In part one of this article we covered what the lessons that Dan Buettner describes in his book about The Blue Zones. Now we cover some tips that he gives in his book as well as why it’s good to add these and create your own personal Blue Zone.
Basically the idea with this is to incorporate movement into your daily life. Thirty to 60 minutes of low intensity movement is suggested at least five days a week. There are lots of ways to get this including doing things that mean you will have to walk even if just a little like get up to turn the channel on the TV or park further away from the store.
Since so many seniors suffer falls that cause breaks that can actually lead to death, it’s a very good idea to incorporate some type of balancing exercise into your daily routine. For this, Buettner suggests doing yoga. With several of the postures you will find yourself doing a lot of balancing work which will be helpful. Buettner even suggests something as simple as standing on one foot while you brush your teeth every morning and night. Love this idea.
Remember that most of the centenarians that Buettner interviewed were not long distance runners or “weekend warriors”. They did low intensity exercise as part of their daily lives whether it was working in the garden for several hours, chopping back encroaching brush, following herds of goats and sheep up and down hills, taking nature walks with family, or even a daily ride on an exercise bicycle. While having a flock of sheep may not be something everyone can do or even wants to do, it should be relatively easy to have a garden or take a long walk.
Hara Hachi Bu
This is quite simply a way of cutting your calorie intake by about 20% by eating till you are only 80% full. It is a form of calorie restriction and we know that research is showing all kinds of positive returns from restricting the number of calories you take in. Essentially, you stop eating when you no longer feel hungry as opposed to how most of us eat till we start to feel full.
Buettner quotes one scientist who says that, “You can get a diet to work for about 6 months and then about 90 percent of all dieters run out of gas.” That’s why Buettner highly suggests this anti aging remedy from Okinawa of hara hachi bu.
He also gives different suggestions for techniques you can use to help you achieve this goal. One is to eat from smaller packages which includes smaller plates. Many Americans tend to eat all the food presented to them on a plate or in a bag. Providing smaller portions via smaller containers is one way to stop us from eating so much. Looks like replacing those dinner plates with smaller 8? ones was a good idea.
Buettner also presents other ways to lessen the amount of food you eat. Two of these can go together by making sure you stop eating on the run as so many families do trying to get to all the activities a family can be involved in. By sitting down to eat and not eating on the run, you can focus on the food as well as your family time together.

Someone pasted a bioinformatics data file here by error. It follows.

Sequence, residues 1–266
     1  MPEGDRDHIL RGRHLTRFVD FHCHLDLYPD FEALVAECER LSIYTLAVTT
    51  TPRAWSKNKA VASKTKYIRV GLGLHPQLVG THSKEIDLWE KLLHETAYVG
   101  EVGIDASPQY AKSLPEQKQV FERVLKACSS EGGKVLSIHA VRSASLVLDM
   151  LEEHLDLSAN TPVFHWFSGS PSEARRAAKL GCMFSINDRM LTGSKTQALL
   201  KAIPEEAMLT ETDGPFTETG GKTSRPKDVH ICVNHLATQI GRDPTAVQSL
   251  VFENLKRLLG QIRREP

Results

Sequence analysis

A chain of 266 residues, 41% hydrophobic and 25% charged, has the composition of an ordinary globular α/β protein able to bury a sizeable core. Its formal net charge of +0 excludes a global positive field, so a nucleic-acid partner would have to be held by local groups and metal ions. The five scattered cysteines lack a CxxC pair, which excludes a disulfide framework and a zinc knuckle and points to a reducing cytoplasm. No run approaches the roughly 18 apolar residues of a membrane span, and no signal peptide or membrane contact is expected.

None of the centenarians in any of the Blue Zones ate processed food. Remember Marge from Loma Linda with her oatmeal in the morning and a salad later in the day? The Nicoyans ate beans and rice that they cooked from scratch along with fruits and vegetables, and maybe meat once a week or so.
Buettner again stresses that bean, vegetables, and whole grains are the “cornerstone of all these longevity diets.” We will discuss whole grains elsewhere under anti aging diets.
However, even with the large plant slant in all these longevity zones, meat is not excluded from the diet. In each zone except Loma Linda, pigs were raised by each family. In Sardinia, there were also cows, goats and sheep. Costa Rica had its chickens and eggs and must have some type of milk producing.
And dairy was a part of at least two of the zones as we can read from his book. Sardinia has its pecorino cheese and there was some type of cheese used in Nicoya.
Don’t forget nuts. The Adventists Health studies showed that those who ate nuts five times a week had about half the amount of heart disease as those who didn’t. Eat your nuts but try to eat those that have fewer saturated fats like almonds.
So the lesson here is to stop eating already prepared meals and cook from scatch while incorporating lots of plants, in one form or another, in your diet.
Grapes of Life
Here we finally learn that the Okinawans drank a glass of sake (rice wine) daily while with friends. Of course the Sardinians had their Cannonou red wine which Buettner asks us to seek out although any good dark red wine will help.
More recent studies show that men can drink two glasses of red wine and women can drink one daily to get all the good benefits of the antioxidants within the wine. Don’t overdo it.
Of course, most of those in the Blue Zones did their drinking while with friends. That could also be a big part of the stress relief brought on by drinking wine.